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"I Agreed to Do What!?"

Would you sign a contract without reading it first? Before you answer, consider this: most people enter into contracts daily without reading their terms, and few are even aware that a contract is being formed.

Have you ever visited a company’s website and been required to “check” a box indicating that you agree to that company’s “terms and conditions” before being allowed to proceed? Many check this box without thinking twice, but are you aware that by doing so you are forming a binding contract?

This type of take-it-or-leave-it contract is called an adhesion contract and is commonly used by interactive online companies like the popular Youtube, Myspace and Facebook websites. These agreements are often long and filled with legal jargon, which makes them difficult to understand and discourages many from reading them. However, the content of these contracts might surprise you. Here are some examples:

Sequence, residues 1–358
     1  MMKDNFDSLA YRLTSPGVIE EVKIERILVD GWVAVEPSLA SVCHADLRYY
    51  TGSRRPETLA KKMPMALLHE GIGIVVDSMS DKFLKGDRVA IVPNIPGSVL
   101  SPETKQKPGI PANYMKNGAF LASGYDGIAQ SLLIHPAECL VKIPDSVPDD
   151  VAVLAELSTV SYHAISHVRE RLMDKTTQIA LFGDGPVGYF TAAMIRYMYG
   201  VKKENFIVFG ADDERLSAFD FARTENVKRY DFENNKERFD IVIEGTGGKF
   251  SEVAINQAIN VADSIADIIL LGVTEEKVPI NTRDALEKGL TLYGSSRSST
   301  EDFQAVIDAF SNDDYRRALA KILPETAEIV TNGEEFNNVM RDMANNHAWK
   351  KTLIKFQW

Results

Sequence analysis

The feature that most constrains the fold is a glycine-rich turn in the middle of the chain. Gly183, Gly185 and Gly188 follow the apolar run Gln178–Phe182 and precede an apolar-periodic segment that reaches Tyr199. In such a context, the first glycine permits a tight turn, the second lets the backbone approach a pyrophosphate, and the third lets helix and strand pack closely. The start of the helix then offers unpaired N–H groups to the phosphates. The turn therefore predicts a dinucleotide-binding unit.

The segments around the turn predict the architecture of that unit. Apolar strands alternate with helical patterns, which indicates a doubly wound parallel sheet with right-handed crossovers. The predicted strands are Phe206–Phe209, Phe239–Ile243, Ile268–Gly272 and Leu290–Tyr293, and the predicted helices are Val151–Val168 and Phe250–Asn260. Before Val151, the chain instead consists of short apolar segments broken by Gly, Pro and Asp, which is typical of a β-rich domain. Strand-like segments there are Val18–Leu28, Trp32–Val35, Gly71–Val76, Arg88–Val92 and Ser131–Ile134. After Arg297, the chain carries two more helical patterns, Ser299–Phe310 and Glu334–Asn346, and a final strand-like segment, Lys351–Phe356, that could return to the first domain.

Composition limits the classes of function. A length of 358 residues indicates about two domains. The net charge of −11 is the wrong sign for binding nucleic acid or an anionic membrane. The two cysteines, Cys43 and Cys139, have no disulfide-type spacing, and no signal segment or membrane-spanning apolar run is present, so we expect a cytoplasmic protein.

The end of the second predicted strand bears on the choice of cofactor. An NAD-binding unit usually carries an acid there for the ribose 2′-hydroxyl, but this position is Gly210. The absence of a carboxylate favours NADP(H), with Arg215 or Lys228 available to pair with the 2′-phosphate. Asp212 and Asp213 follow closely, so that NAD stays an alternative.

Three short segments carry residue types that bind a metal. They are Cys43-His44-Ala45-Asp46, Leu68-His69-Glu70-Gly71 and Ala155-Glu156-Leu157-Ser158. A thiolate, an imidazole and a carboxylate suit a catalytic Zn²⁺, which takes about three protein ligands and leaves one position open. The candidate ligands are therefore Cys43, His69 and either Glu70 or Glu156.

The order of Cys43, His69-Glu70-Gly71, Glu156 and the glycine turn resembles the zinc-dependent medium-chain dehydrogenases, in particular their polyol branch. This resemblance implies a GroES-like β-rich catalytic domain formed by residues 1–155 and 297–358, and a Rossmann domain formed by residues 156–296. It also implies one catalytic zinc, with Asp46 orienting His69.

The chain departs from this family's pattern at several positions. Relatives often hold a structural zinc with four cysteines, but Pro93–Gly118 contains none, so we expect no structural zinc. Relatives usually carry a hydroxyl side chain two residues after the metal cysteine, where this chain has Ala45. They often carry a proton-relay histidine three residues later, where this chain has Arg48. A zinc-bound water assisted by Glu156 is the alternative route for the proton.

• Some contracts allow the company to release or sell your personal information to a third party without ever notifying you.

• Some companies allow you to “post” your personal items on their websites (such as, artwork, messages, pictures, and videos), but reserve the right to use these personal items for any purposes they choose.

• Many contracts require you to arbitrate any disputes and waive your right to a jury trial.

• Many contracts require you to pay fees, penalties, costs, and/or attorneys’ fees for any violation of your contractual obligations, which may come as a big surprise, particularly if you didn’t even take the time to read through your obligations.

Courts have repeatedly upheld the validity of adhesion contracts, leaving consumers with limited remedies. As a general rule, read the company’s “terms and conditions,” and never agree to anything that makes you feel uncomfortable. With all the different services available online these days, you can usually find a company that suits your needs without requiring you to give up all of your legal rights. If in doubt, contact an experienced attorney before signing.

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